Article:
It helps that the action scenes are always integral to the story, no action scene ever feels slapped on. The bank robbery that opens the picture, in addition to being superbly filmed, is sensational because it makes logistical sense from a processed villainy point of view. Everything else feels intuitively in motion to the story. Nolan films the most spectacular elements with casual finesse: One, there’s a hijack in Hong Kong sequence (we’re amazed by the script’s audacity to take us outside Gotham City) that unfolds in such a cavalier manner that the scene doesn’t need to scream to the audience, Wow Look at Me! Second, an explosion is photographed with Joker in center frame walking towards the camera – like a key moment in “No Country for Old Men” the film refuses to photograph pyrotechnics in a predictable manner. “"The Dark Knight"” dazzles confidently without overselling itself.
The movie continues to unleash surprises. One of the highlights of the movie is a tunneled car chase that culminates in "The Dark Knight" abandoning his Batmobile in favor of a Batcycle. And the movie has one cool gadget exploited to great use in the climax: Bat-goggles that operates like a homing radar device. Cool stuff is certainly on display in “"The Dark Knight"” but the film succeeds, as aforementioned, on story before anything else. When was the last time you saw a movie that got your adrenaline drumming so intensely on the prospect of cheering on a hero racing against time? With such major stakes involved if he arrives too late?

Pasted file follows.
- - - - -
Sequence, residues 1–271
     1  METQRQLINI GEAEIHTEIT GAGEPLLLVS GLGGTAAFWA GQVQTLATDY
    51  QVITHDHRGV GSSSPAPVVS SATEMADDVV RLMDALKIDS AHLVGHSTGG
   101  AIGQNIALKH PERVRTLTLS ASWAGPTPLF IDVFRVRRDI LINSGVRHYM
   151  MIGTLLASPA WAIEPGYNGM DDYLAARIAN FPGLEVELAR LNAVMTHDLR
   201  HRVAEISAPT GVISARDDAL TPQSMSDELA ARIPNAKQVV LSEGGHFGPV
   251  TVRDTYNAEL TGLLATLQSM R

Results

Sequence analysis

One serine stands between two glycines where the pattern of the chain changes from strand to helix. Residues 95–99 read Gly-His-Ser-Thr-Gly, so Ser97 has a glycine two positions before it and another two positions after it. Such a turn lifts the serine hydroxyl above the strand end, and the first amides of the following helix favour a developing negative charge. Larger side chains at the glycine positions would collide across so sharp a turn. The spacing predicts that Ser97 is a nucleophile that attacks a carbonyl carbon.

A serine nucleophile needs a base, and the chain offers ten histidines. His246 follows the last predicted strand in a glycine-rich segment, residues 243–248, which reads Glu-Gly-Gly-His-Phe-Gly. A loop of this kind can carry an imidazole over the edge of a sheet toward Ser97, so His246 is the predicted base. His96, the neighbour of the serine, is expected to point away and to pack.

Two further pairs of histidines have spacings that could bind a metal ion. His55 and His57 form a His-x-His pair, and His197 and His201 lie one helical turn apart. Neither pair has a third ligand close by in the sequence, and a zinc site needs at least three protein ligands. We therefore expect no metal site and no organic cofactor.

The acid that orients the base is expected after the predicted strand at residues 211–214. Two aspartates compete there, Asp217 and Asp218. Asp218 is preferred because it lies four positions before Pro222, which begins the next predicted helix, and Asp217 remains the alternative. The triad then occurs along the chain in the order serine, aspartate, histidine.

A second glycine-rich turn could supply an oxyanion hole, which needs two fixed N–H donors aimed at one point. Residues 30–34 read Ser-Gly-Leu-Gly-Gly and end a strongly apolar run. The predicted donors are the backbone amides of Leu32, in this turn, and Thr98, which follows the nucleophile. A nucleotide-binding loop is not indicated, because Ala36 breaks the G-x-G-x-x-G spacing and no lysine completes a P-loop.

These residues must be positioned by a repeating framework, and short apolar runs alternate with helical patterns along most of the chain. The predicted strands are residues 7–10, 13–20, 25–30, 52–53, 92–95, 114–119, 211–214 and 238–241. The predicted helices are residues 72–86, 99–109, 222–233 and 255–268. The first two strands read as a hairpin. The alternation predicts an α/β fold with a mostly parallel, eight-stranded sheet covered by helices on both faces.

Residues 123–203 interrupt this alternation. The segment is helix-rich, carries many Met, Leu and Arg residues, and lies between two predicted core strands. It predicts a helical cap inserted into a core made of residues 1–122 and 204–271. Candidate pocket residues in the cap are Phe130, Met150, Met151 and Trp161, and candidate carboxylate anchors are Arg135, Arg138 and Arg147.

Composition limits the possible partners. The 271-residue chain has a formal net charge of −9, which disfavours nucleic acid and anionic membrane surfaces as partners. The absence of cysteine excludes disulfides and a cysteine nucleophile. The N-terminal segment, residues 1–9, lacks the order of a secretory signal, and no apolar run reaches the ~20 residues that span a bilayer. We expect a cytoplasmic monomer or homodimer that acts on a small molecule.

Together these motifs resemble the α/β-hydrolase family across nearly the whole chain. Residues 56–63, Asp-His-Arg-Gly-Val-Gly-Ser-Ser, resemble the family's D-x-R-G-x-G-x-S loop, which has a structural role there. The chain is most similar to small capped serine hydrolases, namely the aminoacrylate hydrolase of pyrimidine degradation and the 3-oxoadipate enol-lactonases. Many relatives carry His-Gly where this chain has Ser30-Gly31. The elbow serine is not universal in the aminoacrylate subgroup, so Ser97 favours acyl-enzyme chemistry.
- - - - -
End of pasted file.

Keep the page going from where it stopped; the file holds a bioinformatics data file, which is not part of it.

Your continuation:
All this makes it not only worthy of multiple viewings but gives headway that a superhero movie is actually capable of being more dramatically dynamic and seismic in tragic catastrophe than the ordinary “prestige” drama. This is a tremendous leap forward in summer blockbuster entertainment – Batman takes qualitative precedence over all others of its kind, it is the grandest entertainment in 2008.